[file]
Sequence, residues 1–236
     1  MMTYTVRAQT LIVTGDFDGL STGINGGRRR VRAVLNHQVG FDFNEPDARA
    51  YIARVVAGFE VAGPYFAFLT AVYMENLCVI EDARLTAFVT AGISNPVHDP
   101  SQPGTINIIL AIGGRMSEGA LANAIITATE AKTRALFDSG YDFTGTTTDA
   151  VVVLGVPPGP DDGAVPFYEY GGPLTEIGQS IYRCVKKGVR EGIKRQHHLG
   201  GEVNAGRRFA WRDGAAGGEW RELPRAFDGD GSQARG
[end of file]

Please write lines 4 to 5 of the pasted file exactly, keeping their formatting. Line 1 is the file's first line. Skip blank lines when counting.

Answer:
   101  SQPGTINIIL AIGGRMSEGA LANAIITATE AKTRALFDSG YDFTGTTTDA
   151  VVVLGVPPGP DDGAVPFYEY GGPLTEIGQS IYRCVKKGVR EGIKRQHHLG